Karachi: Former Pakistan captain Inzamam-ul-Haq said on Tuesday his players should not take legal action over the way they were treated after the death of their coach Bob Woolmer.
Jamaican police said earlier that Woolmer, 58, had died of natural causes in Kingston after his team lost to Ireland at the cricket World Cup in March after initially treating the death as a murder inquiry.
The Pakistan players were questioned, finger printed, asked to give DNA tests and detained in Kingston for 11 days after Woolmer's death on March 18.
Full Coverage: Woolmer's death
Inzamam, who stepped down as captain shortly after Woolmer's death, told Reuters he did not believe that taking court action would help anybody.
"What is done is done because the trauma we suffered cannot be erased from our memories," he said.
"A nightmare is over for us. But the scars will not go away so easily. We co-operated with the Jamaican police but we were left alone to fend for ourselves and that still hurts."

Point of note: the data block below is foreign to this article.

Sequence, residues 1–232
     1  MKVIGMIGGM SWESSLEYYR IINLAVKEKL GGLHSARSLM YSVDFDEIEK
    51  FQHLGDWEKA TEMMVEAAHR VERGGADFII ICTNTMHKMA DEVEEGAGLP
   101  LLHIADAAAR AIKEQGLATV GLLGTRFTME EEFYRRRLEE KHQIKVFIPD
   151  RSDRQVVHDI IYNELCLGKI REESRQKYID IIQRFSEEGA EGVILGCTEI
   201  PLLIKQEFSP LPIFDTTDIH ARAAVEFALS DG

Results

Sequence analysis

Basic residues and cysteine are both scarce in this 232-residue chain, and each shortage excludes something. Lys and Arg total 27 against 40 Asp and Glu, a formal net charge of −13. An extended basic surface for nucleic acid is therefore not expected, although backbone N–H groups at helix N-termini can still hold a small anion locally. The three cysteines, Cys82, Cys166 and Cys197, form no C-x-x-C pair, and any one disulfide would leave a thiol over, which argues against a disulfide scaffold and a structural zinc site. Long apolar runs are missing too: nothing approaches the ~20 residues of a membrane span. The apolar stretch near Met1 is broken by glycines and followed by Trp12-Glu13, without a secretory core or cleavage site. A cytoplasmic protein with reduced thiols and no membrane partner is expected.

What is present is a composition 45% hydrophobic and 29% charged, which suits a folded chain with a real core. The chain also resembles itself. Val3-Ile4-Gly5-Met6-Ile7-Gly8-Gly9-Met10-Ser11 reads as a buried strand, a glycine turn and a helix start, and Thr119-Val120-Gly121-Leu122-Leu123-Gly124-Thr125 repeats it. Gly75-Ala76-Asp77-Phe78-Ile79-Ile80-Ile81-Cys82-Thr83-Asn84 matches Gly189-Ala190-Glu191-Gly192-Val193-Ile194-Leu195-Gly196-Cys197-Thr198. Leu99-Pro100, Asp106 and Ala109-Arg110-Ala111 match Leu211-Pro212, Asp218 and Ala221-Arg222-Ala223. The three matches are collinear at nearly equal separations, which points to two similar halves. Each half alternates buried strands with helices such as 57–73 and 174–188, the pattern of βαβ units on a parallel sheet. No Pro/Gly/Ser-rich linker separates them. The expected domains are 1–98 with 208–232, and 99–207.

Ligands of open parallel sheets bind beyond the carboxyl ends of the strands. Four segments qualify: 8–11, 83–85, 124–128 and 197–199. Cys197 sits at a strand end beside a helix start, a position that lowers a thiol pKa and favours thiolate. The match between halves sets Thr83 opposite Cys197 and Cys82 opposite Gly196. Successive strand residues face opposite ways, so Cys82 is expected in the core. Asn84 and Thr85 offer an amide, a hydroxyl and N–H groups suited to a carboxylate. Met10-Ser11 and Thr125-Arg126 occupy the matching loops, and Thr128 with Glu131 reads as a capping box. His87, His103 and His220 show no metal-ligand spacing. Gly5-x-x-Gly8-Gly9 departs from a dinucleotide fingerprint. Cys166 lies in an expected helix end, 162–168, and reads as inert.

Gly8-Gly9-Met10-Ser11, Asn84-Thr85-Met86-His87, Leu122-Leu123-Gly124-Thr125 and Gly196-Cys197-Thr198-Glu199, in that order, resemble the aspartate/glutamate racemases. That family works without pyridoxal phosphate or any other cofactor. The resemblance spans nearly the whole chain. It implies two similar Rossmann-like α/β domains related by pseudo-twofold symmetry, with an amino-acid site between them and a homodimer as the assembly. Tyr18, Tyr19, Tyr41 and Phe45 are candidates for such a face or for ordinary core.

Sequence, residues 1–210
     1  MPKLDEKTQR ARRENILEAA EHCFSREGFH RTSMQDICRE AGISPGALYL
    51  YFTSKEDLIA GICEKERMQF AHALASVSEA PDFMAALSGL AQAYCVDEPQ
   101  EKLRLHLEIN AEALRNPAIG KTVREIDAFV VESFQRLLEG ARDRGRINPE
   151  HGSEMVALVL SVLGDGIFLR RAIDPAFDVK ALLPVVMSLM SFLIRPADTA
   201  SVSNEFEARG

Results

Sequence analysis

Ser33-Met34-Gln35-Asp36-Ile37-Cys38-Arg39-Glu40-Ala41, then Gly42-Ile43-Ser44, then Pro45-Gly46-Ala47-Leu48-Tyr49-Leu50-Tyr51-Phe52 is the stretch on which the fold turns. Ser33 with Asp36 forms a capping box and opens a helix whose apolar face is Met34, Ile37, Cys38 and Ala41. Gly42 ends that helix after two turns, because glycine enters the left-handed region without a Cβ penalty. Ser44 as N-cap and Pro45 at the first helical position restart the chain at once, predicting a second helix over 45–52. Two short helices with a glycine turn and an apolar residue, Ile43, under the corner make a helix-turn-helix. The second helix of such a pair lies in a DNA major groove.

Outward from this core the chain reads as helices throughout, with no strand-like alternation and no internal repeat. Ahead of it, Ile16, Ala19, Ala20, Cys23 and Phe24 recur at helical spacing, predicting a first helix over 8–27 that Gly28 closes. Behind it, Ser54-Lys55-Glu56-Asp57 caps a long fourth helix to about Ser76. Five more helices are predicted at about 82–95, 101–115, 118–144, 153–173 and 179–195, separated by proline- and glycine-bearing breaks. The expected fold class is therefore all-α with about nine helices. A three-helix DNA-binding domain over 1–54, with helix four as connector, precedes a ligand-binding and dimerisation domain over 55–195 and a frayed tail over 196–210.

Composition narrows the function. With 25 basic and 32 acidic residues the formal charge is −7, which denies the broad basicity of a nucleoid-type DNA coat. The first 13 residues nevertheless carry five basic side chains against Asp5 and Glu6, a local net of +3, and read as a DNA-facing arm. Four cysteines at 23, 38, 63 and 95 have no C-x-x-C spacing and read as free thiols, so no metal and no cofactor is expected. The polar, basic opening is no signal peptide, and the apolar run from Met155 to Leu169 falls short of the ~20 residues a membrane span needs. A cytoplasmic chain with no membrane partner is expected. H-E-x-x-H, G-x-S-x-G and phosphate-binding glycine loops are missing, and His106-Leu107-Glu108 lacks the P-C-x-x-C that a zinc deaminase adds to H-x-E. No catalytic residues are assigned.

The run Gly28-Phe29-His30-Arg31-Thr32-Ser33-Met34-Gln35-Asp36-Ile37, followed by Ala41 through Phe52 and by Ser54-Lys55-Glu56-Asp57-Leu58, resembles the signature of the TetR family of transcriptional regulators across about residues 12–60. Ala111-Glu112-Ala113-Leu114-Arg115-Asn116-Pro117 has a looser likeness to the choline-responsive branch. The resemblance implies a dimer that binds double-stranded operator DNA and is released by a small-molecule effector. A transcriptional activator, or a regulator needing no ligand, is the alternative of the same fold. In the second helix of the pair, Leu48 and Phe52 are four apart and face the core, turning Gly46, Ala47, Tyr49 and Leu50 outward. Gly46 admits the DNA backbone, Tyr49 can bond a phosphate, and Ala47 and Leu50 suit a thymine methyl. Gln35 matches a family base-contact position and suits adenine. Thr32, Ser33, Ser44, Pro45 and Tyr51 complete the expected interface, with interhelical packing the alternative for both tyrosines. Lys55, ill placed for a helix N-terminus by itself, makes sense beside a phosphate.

Inzamam said he and the other players had always believed the death was natural.
"Bob had ailments and the circumstances of his death were such that we thought 'why would anyone want to murder him?' He was a peace-loving and friendly man with no enemies," said Inzamam.
Present captain Shoaib Malik said the team had co-operated with the police because they wanted the truth to come out.
"We knew they were wrong when they talked about murder," he said.
Senior batsman Mohammad Yousuf said he would still press the board to at least seek some compensation and apology from the Jamaican authorities for making such a big mistake.
"It was terrible what we went through from the day he (Woolmer) died and the day we returned home," he said.
Pakistan manager Talat Ali said he was very relieved the ordeal was over.
Ali, a former Test player was the first man called to Woolmer's hotel room in Kingston where he was found unconscious in his bathroom. Woolmer later died in hospital.
"I am happy for Bob's family that this is all over for them now. I can feel for them. It was a tragic event for us and what happened afterwards didn't help matters at all. It was painful," he said.